Dr. Sung Yang Discusses Major Breakthroughs in Managing Chronic Conditions Like Diabetes

Dr. Sung Yang Honolulu Hawaii

May 14, 2021

Managing chronic diseases is difficult, but modern breakthroughs may make it easier. Dr. Sung Yang is going to discuss some recent breakthroughs in managing chronic diseases such as diabetes.

Did you know that over 1 out of 10 Americans have diabetes? Many millions also suffer from high blood pressure, coronary artery disease (that causes heart attacks), arthritis, obesity, asthma, cancers, and other chronic diseases. Fortunately, medical breakthroughs are making it easier to manage these conditions. Want to learn more? Dr. Sung Yang is going to cover some of the latest breakthroughs.

“Chronic diseases can have a huge impact on a patient’s long-term health as well as quality of life,” Dr. Sung Yang notes. “This is especially true if the diseases are not promptly identified and treated. Fortunately, medical breakthroughs in the modern era make chronic diseases easier to manage.”

One major breakthrough is improved diagnostic tools that allow doctors to quickly and accurately test for various chronic conditions even at early asymptomatic stages. For example, improved blood tests for diabetes, cholesterol, thyroid, liver, and kidney functions can detect the diseases at early stages before symptoms and complications occur. Colonoscopy, mammogram, and CT lungs are other examples of early detection or preventive medicine that save many patient’s lives from cancer every day.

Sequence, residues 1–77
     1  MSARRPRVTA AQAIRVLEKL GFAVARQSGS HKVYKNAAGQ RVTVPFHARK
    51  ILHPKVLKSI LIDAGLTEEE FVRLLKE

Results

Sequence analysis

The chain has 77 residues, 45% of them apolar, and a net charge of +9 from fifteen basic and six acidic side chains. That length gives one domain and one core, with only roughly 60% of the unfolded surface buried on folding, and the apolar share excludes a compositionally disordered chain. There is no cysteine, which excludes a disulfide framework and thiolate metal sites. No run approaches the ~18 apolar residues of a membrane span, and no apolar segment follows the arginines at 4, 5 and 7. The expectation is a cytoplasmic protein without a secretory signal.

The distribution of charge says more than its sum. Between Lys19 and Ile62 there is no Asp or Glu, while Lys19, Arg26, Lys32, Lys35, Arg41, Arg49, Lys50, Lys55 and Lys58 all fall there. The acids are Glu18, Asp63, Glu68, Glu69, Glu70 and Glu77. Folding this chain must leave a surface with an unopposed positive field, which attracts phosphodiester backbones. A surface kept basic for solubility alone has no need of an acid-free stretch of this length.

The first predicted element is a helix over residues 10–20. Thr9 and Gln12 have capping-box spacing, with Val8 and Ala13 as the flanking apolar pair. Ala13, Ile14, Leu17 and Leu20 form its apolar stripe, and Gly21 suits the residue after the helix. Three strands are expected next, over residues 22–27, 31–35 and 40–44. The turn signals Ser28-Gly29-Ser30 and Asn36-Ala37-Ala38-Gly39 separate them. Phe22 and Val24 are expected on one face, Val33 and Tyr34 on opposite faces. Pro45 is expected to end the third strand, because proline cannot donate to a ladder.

Dr. Sung Yang Discusses Wearable Devices

If you talk to technology gurus, you might hear the terms “wearable devices” and the “Internet-of-Things” tossed around. Essentially, more devices are now linked through the Internet or Bluetooth, allowing them to quickly communicate with one another.

The Internet-of-Things (IoT) may one day link all the appliances and devices in your home, including your humble refrigerator and washing machines. IoT is also being used to link medical devices. This may improve health outcomes and make it easier to monitor and treat certain conditions, like diabetes.

“Patients can now use wearable devices to manage diabetes,” Dr. Sung Yang says. “You can use systems to monitor glucose levels and to automatically manage blood sugar levels. These automated insulin pump systems are often far more efficient and accurate when delivering insulin doses, which often reduces the amount of insulin you need to use.”

Some patients are now combining Continuous Glucose Monitoring (CGM) systems with automated insulin pump systems. Also, CGM does not require patients to poke themselves on their fingers, which can be uncomfortable and burdensome. As a result, blood sugar levels can be monitored conveniently and in real-time and insulin doses can be delivered as needed.

While early wearable devices were cumbersome and often didn’t last long, new devices can provide monitoring and delivery capabilities for weeks or even months at a time.

Wearable devices also make it easier not only for patients but also for doctors to continuously monitor the sugar levels, blood pressure, heart rate, weight, oxygen level, or even heart rhythm tracing (i.e. Holter monitor). “New medical technologies that combine advances in biotechnology with those in IT continues to make a huge impact on the management of chronic conditions and prevention of their complications,” says Dr. Sung Yang.